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NACFC 2009 Masthead





More than 3,500 leading cystic fibrosis scientists and health care professionals gathered in Minneapolis, Minn. from Oct. 15 - Oct. 17 to exchange ideas and discuss developments in cystic fibrosis research and care.

The 23rd annual North American Cystic Fibrosis Conference (NACFC) included presentations by researchers who discussed the basic science of CF, and seminars in which physicians talked about advancements in adult care and quality improvement.

The most widely attended sessions of the conference were the three plenary sessions, which included information on basic science research and emerging therapies to treat inflammation and infection in CF lungs.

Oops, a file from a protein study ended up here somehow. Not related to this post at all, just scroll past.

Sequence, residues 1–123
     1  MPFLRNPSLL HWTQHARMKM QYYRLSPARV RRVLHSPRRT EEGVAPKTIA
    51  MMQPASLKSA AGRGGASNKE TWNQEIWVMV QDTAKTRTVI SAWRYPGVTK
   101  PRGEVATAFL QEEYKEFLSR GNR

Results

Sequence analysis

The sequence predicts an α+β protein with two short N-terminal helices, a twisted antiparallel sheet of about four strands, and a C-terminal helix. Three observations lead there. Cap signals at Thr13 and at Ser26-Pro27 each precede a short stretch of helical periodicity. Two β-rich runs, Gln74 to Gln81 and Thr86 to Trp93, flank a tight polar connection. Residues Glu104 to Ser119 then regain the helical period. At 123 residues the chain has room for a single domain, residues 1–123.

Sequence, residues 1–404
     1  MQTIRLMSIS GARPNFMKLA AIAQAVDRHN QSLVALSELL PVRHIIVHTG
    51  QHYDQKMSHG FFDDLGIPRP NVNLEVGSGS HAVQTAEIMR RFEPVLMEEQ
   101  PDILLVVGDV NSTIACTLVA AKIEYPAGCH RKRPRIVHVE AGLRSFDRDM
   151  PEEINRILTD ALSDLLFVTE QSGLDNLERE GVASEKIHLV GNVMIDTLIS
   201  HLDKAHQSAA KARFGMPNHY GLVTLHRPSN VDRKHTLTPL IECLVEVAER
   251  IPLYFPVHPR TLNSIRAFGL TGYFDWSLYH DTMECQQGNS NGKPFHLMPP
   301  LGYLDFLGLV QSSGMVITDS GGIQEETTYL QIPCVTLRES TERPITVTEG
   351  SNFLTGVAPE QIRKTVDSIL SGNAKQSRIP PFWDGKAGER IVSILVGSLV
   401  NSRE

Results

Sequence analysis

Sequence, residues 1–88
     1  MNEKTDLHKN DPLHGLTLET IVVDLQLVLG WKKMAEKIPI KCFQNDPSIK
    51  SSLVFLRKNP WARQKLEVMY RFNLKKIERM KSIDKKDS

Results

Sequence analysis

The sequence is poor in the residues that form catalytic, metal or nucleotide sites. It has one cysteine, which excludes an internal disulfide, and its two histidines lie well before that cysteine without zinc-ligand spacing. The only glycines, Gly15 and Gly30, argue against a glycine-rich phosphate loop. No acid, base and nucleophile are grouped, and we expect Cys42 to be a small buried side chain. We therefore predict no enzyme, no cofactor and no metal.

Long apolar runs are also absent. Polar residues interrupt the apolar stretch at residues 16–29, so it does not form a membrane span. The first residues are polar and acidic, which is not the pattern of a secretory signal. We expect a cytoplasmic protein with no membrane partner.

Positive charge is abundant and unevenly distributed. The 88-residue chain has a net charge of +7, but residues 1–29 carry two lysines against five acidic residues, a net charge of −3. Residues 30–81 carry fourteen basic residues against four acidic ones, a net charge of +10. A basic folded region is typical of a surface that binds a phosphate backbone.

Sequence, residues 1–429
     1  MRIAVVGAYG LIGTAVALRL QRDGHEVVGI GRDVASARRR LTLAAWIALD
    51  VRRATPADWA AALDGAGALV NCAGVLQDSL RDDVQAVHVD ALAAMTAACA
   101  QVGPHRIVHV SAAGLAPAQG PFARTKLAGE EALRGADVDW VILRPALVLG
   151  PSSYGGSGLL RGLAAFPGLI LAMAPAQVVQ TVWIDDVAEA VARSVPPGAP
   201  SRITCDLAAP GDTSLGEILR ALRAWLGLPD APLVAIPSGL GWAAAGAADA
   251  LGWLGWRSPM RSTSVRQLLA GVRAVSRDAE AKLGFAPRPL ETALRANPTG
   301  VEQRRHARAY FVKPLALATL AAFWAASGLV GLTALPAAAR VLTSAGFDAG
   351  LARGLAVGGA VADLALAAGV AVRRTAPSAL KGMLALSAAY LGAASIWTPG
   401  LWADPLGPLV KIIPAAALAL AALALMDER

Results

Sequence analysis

Scroll down to read summaries of each of the three plenary sessions and watch full-length videos of each presentation.

Note to Mac users: You must have Windows Media® Components for Quick Time to watch the videos. Download the free software now.

Plenary Session 1: Two Decades of CFTR Research: From Gene Discovery to Therapeutic Target

Speakers: Steven M. Rowe, M.D., M.S.P.H. and Francis S. Collins, M.D., Ph.D.

Steven Rowe, M.D., assistant professor of medicine at the University of Alabama at Birmingham, opened the first plenary of the 23rd NACFC with his presentation on how CF researchers are moving discoveries about the faulty CF gene from the laboratory into clinical trials in hopes of treating CF patients.

Rowe described how understanding the basic defect led to rapid identification of small molecules (potential drugs) that in the laboratory can correct the defect. Even more exciting is the fact that these therapies, which are now being tested in adults and children with CF, are showing positive results in late-stage clinical trials.

Rowe presented the results of several biotech companies which have therapies aimed at treating the basic defect in clinical trials, including Vertex Pharmaceuticals and PTC Therapeutics.